December 18, 2014 at 8:04 pm (3 years ago)

    This is wonderful. I am still wanting to go and have my tarot read and possibly talk to my Grandmother. I have one girlfriend that I think is game, so expect 2015 to see a Cassadaga trip from me as well. Thank you for sharing this.

    Side note: I’d also love for 2015 to be the year we finally meet….since I realized we’ve been talking for a good number of years and St. Augustine seems to be a middle point for us!

    Reply
    • S. Elizabeth
      December 19, 2014 at 3:32 pm (3 years ago)

      Yes! I think that is an excellent idea Shana! (If we don’t meet up at my sister’s proposed drunken viewing of 50 Shades of Grey, first!)
      And definitely report back on your Cassadaga trip, if you are comfortable doing so. Birdie may do Tarot readings, I am not sure. She was absently shuffling a deck of tarot cards the entire time we were there.

      Reply
  5. Amy
    July 21, 2015 at 4:22 pm (2 years ago)

    I love this. I have such fond memories of your mother and of that house. Sleepovers with milkshakes, pizza and Headbanger’s Ball! Your mom was an amazing spirit…I was so sorry to hear of her passing. I do remember her cursing! Thank you so much for sharing this.

    Reply
  6. sherry
    April 12, 2016 at 10:29 pm (1 year ago)

    Just have to say my husband just passed away and I’m thinking about again seeing Birdie. First time was 17 years ago at Cassadaga Hotel. I wasn’t supposed to see her, but at last minute my husband decided he didn’t want to go. Let me tell you, when I sat down in her room, my arms were crossed over my chest, attitude like, don’t even TRY it!! I gave her nothing to work with. Skeptical wouldn’t even be close to how to describe me. When I left that room I felt like she had SEEN inside me. On the way home, the four other people in the car sat in stunned silence. Swear to God she knew things, DETAILED, no one knew. Chills, still!

    Reply
    • S. Elizabeth
      April 13, 2016 at 7:44 am (1 year ago)

      I am so sorry to hear about your husband, Sherry. My condolences to you. But yes, I would say DEFINITELY go back. I don’t think my experience was quite the same as yours. My sisters and I aren’t all that skeptical, I think. We WANT to believe! So while Birdie didn’t exactly wow us, I do feel like she had her finger on the pulse of a few things that happened, or that were happening. Best of luck!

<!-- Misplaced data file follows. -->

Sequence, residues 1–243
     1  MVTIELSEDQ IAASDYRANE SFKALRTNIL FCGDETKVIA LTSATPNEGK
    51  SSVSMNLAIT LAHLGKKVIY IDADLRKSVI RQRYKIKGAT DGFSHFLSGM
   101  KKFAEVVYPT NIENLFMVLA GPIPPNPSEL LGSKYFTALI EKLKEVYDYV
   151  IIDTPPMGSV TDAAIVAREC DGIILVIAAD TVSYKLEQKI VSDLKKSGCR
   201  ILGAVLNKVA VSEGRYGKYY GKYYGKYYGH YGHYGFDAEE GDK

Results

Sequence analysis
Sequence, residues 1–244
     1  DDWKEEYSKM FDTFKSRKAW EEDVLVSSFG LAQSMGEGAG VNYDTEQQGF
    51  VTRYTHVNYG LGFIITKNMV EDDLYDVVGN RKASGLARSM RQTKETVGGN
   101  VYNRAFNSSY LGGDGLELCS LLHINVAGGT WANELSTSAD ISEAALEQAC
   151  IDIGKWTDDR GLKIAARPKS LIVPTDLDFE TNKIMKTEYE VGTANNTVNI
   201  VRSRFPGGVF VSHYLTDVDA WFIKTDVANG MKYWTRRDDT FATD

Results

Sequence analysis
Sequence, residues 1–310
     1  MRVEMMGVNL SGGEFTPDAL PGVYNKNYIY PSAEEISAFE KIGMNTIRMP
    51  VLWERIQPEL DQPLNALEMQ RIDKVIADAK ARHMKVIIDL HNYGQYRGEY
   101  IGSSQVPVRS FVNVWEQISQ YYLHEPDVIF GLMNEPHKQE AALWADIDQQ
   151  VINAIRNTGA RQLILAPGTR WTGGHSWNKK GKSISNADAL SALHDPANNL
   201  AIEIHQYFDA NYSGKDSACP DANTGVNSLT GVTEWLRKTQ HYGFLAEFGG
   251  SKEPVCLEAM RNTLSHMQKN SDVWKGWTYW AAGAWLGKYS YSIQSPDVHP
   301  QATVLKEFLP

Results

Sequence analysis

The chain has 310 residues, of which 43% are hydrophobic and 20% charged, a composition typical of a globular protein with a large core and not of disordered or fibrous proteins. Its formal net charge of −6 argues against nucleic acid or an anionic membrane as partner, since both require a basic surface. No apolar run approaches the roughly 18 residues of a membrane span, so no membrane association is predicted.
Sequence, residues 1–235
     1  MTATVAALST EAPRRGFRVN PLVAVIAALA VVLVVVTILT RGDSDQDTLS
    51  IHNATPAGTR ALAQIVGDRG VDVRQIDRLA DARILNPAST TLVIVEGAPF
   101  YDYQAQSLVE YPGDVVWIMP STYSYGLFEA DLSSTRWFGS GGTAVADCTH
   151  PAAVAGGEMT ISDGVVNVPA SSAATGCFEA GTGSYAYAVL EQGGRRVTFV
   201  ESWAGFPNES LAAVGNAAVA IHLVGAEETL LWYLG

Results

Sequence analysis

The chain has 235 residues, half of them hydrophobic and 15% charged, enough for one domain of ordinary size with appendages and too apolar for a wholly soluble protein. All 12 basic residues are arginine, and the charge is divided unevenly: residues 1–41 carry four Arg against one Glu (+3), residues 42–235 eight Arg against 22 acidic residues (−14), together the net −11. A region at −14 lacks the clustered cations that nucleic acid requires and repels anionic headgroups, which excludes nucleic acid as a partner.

Reply
  7. Stehanie
    April 28, 2016 at 11:32 am (1 year ago)

    I was just in cassadega 2 days ago, birdies place just out of town is up for sale. Not sure if she passed away or just moved. I saw birdie myself August 2014. I too wasn’t wowed immediately and brought up a brother in law that I just couldn’t stand in life and surely didn’t want to waste my precious allocated time discussing him. She did wow me as I was handing over my money with a comment that blew me away. I had sent a silent prayer to the person I was wanting to contact to please make her say something that I would know it was him for sure. So as I’m handing over my money she said what’s this about snowballs/snowcones? I began to squall…. I had just started a mobile shaved ice business prior to my loved ones death. He was so stoked about it and we worked together to get it up and running. Needless to say I listened to my recorded session and numerous thing she had said have come to fruition.

    Reply
    • S. Elizabeth
      April 28, 2016 at 2:43 pm (1 year ago)

      Oh my goodness Stephanie…that’s an eerie and wonderful experience. I’m of course sorry to hear about the loss of your loved one, though. That’s odd and concerning about madame Birdie though–I hope everything is okay with her. Thanks for the head’s up.

      Reply
    • Tamara
      August 1, 2016 at 12:41 am (1 year ago)

      I just went and saw Birdie today. She does readings out of her home now just around the corner off of Lake Helen rd. I have been to Birdie on several occasions, I am a skeptic but I keep going back because she always manages to tell me things that no one should know. I will continue to see her when I need some guidance.

      Reply